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State-Supported Physician Residency Programs

Written by Dr. Ramon Martinez
Published on February 10, 2023
Research Highlights

Federal funds support most medical residencies and usually specify where mentorships occur.

Several states provide additional residency funding through budget allocations, taxes and/or grant incentives, which can increase rural healthcare supply.

State residency funding can reduce costs to healthcare providers, but there is not enough data to quantify the extent of cost savings.

States fund less than 12% of medical residencies.

About 86% of U.S. medical residencies are federally funded through Medicaid, Medicare, and Veterans Affairs; remaining funds come from state matching of federal Medicaid funds (less than 12%) and hospitals and philanthropic sources (2%) (GAO 2018). In 2018, 14% of medical residents in Missouri were supported by non-Medicare funds (AAMC 2018).

  • Federal payments cover regional salary and education costs (between $38,000-150,000 per resident). The average U.S. medical resident salary is $61,000.
  • Federal funding for medical residencies remained the same between 2003-2019 (Grischkan 2019).

Projected physician shortages over the next decade, largely caused by retiring physicians and an aging population, are expected to disproportionately impact rural areas. To learn more, read our Science Notes on Medical Residency & Rural Physician Training Grants.

  • Federal funds support residencies at teaching hospitals, medical schools, or community-based training sites; community-based training sites; more than 93% of teaching hospitals are in large cities (He 2021; GNYHA 2021).
  • Because most rotations occur in training hospitals, many community-based care sites that offer practical training are ineligible for direct federal reimbursement.

State residency funding can increase healthcare access.

While 19% of Americans live in rural areas, 11% of physicians currently practice and 3% of medical students plan to practice in rural areas. Residents who come from rural areas, train in family practice, rotate in rural communities, or take courses that incorporate rural health elements are most likely to practice as physicians in rural areas (NASEM 2014).

In 2016, CA approved a one-time, $100 million budget allocation to support 78 residencies in family medicine, pediatrics, internal medicine, and obstetrics/gynecology for three years. The program is partially maintained ($2.5 million annually) by fees on hospitals, skilled nursing facilities and long-term care facilities. Another $40 million is supported annually by a permanent cigarette tax approved in a 2016 CA proposition.

  • Doctors funded by these residency funds are trained at sites in underserved areas, and are 40% more likely to choose to practice as a physician in health professional shortage areas (CA Grants 2022; CHCF 2019)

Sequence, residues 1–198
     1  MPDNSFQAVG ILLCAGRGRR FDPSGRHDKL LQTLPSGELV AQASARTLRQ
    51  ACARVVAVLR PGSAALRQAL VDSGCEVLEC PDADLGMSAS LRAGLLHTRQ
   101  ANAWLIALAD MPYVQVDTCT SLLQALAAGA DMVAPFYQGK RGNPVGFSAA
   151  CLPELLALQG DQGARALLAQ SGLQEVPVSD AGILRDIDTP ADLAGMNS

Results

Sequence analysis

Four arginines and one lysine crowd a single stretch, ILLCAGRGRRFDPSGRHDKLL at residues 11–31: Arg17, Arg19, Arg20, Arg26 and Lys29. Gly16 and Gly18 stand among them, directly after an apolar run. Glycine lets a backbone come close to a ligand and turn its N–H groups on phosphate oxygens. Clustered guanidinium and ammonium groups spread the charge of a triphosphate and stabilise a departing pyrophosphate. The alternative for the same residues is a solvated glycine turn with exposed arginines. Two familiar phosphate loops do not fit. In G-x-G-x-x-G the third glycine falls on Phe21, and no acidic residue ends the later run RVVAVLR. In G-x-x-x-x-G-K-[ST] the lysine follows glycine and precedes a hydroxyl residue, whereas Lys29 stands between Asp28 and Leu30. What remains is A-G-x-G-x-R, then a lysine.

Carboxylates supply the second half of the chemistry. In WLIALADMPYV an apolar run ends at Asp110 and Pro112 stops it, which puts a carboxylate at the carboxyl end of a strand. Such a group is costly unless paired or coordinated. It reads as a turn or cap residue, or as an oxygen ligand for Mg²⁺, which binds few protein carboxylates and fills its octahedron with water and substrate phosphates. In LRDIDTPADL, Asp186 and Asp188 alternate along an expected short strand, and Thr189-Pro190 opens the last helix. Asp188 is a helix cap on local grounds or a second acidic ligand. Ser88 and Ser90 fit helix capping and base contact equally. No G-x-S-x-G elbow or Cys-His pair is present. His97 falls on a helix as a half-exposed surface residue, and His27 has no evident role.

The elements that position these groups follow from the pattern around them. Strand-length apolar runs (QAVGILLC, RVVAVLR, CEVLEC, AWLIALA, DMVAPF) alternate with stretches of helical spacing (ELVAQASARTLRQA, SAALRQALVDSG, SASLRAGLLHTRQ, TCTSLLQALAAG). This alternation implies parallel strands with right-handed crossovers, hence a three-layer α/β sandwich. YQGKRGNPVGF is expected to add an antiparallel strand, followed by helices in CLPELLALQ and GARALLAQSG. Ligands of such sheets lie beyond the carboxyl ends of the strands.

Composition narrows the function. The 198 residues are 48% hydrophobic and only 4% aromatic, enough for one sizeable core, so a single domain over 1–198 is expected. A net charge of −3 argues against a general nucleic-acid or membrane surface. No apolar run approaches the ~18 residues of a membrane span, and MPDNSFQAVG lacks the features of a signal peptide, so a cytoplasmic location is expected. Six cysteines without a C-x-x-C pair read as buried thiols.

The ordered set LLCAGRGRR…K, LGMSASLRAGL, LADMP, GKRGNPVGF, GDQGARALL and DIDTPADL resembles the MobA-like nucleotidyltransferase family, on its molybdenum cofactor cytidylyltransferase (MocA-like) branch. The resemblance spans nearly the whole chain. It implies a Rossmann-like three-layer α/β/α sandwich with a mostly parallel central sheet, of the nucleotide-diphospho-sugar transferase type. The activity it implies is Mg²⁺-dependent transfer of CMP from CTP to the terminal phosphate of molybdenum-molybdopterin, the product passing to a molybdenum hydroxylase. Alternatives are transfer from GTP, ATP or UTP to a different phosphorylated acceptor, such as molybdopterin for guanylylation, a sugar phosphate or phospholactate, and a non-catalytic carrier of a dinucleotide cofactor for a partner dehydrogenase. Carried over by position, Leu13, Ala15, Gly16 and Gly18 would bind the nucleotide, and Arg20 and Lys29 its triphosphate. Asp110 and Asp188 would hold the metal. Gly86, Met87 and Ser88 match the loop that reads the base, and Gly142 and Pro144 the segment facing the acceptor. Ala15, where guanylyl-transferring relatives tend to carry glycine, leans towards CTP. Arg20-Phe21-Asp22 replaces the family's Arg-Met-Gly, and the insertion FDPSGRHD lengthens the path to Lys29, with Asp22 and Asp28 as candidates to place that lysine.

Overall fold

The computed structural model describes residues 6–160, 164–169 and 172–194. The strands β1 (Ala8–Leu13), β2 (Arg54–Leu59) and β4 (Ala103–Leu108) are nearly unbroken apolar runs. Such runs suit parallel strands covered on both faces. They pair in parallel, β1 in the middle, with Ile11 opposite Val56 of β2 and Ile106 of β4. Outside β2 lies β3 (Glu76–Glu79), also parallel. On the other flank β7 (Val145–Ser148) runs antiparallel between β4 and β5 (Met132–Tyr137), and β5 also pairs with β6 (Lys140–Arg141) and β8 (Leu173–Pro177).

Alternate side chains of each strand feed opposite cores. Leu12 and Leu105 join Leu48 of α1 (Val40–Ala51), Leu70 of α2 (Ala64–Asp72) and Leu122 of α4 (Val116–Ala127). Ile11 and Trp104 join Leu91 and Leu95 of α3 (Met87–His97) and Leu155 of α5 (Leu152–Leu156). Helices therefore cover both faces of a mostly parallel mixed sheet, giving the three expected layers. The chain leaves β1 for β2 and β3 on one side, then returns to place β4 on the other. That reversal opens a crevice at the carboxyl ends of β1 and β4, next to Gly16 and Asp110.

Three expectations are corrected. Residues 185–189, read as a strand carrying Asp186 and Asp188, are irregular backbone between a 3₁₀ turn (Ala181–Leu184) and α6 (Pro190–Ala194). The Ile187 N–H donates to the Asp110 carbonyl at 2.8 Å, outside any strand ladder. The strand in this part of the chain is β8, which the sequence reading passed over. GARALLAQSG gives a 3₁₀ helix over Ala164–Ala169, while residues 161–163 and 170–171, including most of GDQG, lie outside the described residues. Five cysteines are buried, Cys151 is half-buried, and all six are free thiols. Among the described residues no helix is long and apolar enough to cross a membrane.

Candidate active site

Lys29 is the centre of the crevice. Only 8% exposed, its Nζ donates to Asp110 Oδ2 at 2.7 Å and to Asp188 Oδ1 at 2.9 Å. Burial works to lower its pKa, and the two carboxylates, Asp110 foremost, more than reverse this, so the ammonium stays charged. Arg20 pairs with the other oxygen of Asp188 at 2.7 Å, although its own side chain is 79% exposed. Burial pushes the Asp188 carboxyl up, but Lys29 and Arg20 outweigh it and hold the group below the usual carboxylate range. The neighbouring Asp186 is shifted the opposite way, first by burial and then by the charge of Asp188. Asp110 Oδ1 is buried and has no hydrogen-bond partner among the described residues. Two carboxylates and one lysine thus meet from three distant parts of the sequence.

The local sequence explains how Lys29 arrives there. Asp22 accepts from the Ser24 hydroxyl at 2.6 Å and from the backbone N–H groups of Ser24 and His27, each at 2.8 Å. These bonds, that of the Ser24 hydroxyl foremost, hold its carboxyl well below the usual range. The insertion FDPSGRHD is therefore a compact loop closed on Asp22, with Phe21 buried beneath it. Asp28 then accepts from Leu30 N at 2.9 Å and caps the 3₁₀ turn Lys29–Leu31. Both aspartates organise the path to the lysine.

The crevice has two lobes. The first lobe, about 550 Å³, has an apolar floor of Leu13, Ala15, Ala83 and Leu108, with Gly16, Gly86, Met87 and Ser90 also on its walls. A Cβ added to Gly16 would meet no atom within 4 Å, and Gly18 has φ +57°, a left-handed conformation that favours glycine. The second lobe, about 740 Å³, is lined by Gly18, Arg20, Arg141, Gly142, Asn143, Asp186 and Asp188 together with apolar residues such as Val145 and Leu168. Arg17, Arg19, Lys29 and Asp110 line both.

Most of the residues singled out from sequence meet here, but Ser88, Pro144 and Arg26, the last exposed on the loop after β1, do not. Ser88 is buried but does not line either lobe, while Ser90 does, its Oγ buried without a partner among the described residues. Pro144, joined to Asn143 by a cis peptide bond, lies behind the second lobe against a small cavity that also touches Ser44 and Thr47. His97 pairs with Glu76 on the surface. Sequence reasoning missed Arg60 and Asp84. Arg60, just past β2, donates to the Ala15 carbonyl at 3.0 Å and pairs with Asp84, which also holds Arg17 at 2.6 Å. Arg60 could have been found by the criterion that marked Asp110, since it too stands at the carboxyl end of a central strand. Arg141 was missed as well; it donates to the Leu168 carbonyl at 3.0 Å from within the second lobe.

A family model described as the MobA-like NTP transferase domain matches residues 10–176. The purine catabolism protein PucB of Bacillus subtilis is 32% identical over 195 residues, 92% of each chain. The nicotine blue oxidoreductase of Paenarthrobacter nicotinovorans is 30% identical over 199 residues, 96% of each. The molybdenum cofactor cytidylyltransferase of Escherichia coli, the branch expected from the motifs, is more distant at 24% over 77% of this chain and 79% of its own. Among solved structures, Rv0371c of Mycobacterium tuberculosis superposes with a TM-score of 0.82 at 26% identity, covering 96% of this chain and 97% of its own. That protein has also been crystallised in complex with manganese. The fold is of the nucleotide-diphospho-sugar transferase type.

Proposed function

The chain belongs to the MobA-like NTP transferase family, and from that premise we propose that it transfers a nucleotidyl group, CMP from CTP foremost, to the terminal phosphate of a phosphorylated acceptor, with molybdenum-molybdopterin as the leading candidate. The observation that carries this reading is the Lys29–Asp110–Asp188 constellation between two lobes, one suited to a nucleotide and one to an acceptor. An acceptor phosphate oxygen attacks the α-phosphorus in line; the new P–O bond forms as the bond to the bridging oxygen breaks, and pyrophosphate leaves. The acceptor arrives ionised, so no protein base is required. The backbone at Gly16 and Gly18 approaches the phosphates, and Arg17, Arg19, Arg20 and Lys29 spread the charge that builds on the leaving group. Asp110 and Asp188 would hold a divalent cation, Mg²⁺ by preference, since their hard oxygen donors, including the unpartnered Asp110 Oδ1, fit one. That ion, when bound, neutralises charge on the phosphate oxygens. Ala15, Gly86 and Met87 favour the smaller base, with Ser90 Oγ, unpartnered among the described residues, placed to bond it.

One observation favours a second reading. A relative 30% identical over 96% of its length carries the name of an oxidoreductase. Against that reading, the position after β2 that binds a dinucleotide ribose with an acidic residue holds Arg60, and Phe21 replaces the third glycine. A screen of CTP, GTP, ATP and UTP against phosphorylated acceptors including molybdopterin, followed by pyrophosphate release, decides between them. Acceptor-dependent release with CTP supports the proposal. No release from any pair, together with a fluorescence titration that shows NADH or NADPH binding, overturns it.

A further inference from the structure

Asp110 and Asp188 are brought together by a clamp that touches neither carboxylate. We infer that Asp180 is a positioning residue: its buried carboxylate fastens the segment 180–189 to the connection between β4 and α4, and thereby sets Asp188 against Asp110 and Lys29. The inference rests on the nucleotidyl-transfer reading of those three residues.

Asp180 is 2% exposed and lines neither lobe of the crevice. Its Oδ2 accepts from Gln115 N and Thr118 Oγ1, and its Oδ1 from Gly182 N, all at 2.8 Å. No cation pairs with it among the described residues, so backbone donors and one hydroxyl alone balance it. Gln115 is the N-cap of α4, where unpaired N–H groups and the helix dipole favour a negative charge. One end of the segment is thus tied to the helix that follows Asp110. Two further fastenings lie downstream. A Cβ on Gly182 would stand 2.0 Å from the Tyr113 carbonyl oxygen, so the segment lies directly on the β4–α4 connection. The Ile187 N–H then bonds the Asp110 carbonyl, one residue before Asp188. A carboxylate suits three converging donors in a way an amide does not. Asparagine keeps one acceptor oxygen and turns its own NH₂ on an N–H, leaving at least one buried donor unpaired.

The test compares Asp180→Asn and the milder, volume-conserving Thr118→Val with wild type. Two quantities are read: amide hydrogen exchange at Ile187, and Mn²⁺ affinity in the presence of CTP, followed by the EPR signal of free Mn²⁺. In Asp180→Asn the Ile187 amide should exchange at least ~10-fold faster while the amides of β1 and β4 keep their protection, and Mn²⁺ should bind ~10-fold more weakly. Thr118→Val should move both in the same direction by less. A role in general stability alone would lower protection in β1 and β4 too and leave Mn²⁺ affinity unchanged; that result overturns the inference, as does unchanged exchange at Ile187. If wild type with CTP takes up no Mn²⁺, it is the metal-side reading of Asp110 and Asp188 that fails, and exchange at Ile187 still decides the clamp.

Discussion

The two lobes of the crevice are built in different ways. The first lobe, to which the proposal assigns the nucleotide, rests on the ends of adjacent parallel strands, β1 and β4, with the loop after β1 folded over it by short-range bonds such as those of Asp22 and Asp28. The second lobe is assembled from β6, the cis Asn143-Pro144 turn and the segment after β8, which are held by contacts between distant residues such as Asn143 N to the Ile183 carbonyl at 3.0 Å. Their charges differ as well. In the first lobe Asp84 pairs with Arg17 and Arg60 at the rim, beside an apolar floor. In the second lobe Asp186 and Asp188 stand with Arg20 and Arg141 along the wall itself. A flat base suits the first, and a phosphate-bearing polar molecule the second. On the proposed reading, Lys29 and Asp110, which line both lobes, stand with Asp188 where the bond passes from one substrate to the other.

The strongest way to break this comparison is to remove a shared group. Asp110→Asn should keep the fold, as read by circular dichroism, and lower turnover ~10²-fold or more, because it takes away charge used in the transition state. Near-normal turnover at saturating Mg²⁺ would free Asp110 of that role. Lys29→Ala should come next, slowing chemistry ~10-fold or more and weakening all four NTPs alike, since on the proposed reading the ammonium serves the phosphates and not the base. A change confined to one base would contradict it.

In 2017, TX approved a one-time, $53 million expansion in grant programs to sponsor over 160 medical residencies and their mentors.

  • After 5 years, TX had 10% more residency slots than graduates in-state.
  • Overall, residents in this program are twice as likely to select family practice, and mentors are 40% more likely to teach family practice residents (Nieman 2004).

Three states (NY, MI, MN) use grant incentives for training hospitals to (1) apply and sponsor resi-dencies in emergency care in underserved areas, (2) diversify the resident pool, (3) incorporate web-based teaching and assessment tools for residents not on site, or (4) reapportion funds for hospital systems to support residencies at branch sites. These funds use a federal, state and private discretionary funds (HHS 2006; Colletti 2013).

Benefit analyses for residency funding often characterize trends, but not exact values.

It is difficult to quantify the benefits of supporting medical residencies (Figure 1) as:

  • Medicare funds only require reports of total costs, number of trainees, hours on rotation, and patient-physician ratios (NASEM 2014).
  • States do not always collect information on residency funding (Henderson 2021).
  • Hospitals are not always required to report metrics such as how much they collect in hourly per resident fees (Henderson 2021).

From 2012-2021, 55% of physicians practiced in the state where they did their residency, 2% less than the previous 10-year window (AAMC 2022). Federal support for community-based resi-dencies can increase access to practical clinical experience and expand the number of billable services for smaller clinics.

In IN, for example, community clinics generate annual economic benefits of $200,000 per resident and $1.5 million per practicing physician due to better care coordination, fewer unnecessary hospitalizations, and closer medical access (IN MEB 2017). 51% of those who complete undergraduate and medical training in-state remained for residency (IN MEB 2017).

 

Figure 1. Relative financial impacts of residency programs on care and health costs for hospitals. Net savings (down arrows) and net costs (up arrows) per resident, where darker shading indicates a greater magnitude change. Double-sided arrows signify costs for some hospitals, and benefits for others. Data from RAND 2013.

 

References
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